but the next day she had to scrub their blood from the pavement

Follower Count

“Hiya, babes! It’s Laura!”

“Hello! It’s Laura! We hit a thousand, babes! We did it!

Laura was just another small time girl trying to hit it big with YouTube. There was hundreds of Youtubers like her out there. They put on makeup. They play video games. They review movies. They vlog about their day. They try weird products and make comedy shorts.

I found Laura on a late night. She’d made a comedy short with Katherine Short, a YouTuber I had followed for a few years. Laura caught my attention with her low voice, sweet smile, and odd eyes- she had heterochromia. One eye was dark brown, like her hair. The other was like a husky dog’s. Piercing blue.

Laura was new, she barely had a hundred followers when I first clicked subscribe. After that collaboration with Katherine, you could see her confidence soar. I had fun with her wit and hey, if someone’s entertaining, I’m gonna hit that magic red button.

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Pomegranate Seeds


Based on the word “Dalliance”


Draco meets her in June. All cotton candy smiles and diamond eyes, a sundress brushing against her thighs. There’s a wand tucked behind her ear and water dripping, dripping from her fingertips as she smiles at him, knots her fingers behind her back and sways in the sweltering breeze.

Draco meets her in June and is spellbound/ entranced/ enchanted by her fluttering lashes, thin wrists, a laugh that settles like a butterfly in her throat and the butterflies trapped behind his ribs.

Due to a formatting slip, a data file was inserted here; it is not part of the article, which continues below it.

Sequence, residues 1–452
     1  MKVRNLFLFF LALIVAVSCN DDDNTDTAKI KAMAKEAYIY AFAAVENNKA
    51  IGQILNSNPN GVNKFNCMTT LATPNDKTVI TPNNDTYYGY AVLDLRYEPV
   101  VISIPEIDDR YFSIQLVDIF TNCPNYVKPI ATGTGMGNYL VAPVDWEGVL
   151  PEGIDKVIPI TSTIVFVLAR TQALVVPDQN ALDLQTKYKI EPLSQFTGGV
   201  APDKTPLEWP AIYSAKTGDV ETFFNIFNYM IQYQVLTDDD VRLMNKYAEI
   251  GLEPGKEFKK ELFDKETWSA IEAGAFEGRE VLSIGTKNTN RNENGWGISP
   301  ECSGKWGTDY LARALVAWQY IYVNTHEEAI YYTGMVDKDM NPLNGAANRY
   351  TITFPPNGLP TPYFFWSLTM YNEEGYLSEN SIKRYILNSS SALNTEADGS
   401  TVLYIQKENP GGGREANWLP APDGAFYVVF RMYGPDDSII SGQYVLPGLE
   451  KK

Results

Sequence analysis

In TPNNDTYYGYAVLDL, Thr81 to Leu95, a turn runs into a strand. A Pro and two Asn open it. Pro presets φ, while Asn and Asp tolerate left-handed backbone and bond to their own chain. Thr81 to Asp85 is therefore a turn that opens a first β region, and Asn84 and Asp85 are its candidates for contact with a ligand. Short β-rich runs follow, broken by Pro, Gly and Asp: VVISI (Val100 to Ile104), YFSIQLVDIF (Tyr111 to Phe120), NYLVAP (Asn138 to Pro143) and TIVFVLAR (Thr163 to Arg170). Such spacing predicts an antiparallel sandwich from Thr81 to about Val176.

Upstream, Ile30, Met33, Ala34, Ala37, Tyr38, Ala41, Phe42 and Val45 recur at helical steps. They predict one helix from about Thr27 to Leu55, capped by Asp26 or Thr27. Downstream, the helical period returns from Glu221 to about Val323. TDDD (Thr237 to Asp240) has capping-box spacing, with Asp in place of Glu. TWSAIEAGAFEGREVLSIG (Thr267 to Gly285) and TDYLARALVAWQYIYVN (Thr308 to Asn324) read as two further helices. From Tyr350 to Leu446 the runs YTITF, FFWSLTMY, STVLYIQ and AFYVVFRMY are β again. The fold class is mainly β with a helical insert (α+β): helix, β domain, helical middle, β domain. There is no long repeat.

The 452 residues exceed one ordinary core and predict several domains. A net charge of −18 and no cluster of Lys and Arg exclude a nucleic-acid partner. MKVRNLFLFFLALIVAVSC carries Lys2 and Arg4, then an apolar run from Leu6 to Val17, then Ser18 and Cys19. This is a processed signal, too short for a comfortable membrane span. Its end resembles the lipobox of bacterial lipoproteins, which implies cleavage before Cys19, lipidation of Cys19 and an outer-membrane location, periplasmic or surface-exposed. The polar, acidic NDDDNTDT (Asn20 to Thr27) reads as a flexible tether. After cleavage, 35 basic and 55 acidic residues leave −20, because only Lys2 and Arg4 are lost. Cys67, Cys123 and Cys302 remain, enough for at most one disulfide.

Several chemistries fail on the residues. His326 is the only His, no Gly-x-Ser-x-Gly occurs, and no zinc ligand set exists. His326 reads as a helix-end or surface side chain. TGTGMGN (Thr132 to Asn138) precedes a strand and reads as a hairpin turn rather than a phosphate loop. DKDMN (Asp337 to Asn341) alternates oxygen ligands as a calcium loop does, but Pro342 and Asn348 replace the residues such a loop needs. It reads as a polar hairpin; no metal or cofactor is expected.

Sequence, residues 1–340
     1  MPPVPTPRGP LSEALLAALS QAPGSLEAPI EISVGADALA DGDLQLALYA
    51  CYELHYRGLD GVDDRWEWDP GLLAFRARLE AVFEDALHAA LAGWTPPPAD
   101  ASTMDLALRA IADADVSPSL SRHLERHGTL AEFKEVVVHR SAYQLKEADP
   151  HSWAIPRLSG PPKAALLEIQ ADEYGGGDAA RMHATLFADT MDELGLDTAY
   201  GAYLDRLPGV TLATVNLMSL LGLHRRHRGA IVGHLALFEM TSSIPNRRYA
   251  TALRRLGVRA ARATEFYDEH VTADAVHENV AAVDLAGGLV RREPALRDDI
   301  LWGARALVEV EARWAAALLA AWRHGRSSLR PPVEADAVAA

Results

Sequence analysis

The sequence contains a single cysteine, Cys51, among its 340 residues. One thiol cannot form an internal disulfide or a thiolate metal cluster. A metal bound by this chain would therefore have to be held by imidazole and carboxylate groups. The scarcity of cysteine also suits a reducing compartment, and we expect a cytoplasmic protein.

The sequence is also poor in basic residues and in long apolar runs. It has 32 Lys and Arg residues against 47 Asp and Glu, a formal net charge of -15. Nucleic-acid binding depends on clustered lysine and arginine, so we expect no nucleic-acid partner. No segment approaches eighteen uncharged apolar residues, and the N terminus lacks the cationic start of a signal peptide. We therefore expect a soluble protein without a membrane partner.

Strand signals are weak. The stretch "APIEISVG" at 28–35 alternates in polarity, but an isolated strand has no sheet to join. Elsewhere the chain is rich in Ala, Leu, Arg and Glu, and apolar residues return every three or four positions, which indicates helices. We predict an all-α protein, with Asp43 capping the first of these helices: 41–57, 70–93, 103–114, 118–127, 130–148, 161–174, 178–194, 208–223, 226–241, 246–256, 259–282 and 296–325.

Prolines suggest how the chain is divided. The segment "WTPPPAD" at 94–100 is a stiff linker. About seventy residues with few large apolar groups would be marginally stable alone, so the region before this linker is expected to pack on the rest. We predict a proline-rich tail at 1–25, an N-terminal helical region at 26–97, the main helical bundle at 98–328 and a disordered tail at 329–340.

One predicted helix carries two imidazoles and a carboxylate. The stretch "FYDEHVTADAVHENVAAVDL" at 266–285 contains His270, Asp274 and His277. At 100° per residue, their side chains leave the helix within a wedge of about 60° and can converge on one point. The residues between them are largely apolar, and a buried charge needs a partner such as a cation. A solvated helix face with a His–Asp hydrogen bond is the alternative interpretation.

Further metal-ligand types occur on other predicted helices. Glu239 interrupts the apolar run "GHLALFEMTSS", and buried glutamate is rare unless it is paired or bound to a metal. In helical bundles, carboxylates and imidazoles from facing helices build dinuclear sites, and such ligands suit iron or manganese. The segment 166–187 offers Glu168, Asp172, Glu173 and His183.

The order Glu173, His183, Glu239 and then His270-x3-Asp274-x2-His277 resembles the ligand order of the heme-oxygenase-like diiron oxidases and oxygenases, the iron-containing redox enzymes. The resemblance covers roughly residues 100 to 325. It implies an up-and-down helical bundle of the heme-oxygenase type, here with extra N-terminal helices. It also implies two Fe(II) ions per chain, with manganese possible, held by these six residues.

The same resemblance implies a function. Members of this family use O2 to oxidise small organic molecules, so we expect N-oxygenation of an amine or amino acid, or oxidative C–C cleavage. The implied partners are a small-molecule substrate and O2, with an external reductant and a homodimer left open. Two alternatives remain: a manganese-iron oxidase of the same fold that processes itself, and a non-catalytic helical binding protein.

“Y/N,” she tells him, extends a hand. “My family’s renting the manor next door for the summer.”

And he knows who she is. Has heard his parents lament more than once about the sort that live next door, the blood traitors and mudbloods, the disgraces. He doesn’t quite care, though, not as he takes her hand and watches a smile – molasses slow and sugar sweet – blossom across her mouth.

He can feel her fate lines pressing against his. Can’t help but think that he never did believe in coincidences.


“Just for the summer,” they tell each other, legs tangled in his bedsheets and fingers laced together. Salt-slick sweat sliding down the notches of his back as he presses chapped lips to hers, presses warm hands against her thighs.

“Just for the summer,” they say, as he hides her from his mother/hides her from the truth.

Because there’s a mark on his arm and a task on his shoulders and loving her feels like he’s being robbed.

“I know something’s wrong,” she tells him. And Draco is two months past scribbling her name in the margins in his notebook, dreaming about how she tucks her tongue between her teeth, tucking a sun blurred photograph of her beneath his pillow. Only –

“It’s almost September,” he tells her, all bitter sweet and bitter sour. “Don’t you think it’s about time that we give this up?”

She doesn’t say anything. Lingers like a ghost on the bed beside him. Soft breath and tentative fingers as she brushes through his hair. And he would’ve thought, if he hadn’t known better, that her eyes swept over his forearm before she left.

“Just for the summer,” they said,

But Draco never has been good at keeping promises.



Draco sees her in September. All pink cheeks and scarf fluttering in the wind as she boards the Hogwarts express. Glances at him as she walks by. Brushes her fingers against his shoulder because she knows that the whorls of her fingerprint are embedded there like a tattoo.